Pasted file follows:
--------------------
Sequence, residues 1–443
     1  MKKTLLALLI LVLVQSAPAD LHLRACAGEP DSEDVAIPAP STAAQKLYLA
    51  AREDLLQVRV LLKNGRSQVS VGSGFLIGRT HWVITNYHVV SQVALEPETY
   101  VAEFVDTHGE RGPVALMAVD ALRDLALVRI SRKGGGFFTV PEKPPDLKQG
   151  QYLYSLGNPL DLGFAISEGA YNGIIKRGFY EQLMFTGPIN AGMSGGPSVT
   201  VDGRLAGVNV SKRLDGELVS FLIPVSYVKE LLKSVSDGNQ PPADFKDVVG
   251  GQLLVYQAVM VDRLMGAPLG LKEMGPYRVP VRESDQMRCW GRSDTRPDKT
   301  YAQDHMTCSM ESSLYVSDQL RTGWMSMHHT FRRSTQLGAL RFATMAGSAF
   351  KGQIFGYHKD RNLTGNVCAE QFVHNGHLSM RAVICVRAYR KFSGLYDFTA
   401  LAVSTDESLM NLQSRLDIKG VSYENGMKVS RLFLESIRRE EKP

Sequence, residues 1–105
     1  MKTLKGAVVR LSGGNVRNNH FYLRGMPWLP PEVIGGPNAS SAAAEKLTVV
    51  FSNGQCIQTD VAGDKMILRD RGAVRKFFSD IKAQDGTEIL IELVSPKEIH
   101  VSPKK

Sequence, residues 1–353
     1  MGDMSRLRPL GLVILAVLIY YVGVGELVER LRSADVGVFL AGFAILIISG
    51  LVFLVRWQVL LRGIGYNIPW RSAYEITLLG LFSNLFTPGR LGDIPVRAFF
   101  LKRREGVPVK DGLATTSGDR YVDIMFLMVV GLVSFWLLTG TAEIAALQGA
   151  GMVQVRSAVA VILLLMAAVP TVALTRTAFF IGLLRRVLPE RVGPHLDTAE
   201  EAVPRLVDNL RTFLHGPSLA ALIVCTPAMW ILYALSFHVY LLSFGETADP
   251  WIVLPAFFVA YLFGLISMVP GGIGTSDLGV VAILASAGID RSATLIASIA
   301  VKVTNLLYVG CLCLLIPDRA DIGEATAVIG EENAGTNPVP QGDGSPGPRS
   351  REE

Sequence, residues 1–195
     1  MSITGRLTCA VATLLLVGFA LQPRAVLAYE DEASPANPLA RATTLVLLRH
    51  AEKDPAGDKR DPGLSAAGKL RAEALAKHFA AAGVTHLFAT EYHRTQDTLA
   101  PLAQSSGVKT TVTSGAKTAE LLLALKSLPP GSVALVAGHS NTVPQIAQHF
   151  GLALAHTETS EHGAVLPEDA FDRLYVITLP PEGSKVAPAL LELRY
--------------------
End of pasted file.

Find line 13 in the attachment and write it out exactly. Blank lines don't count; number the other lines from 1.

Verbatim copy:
    51  FSNGQCIQTD VAGDKMILRD RGAVRKFFSD IKAQDGTEIL IELVSPKEIH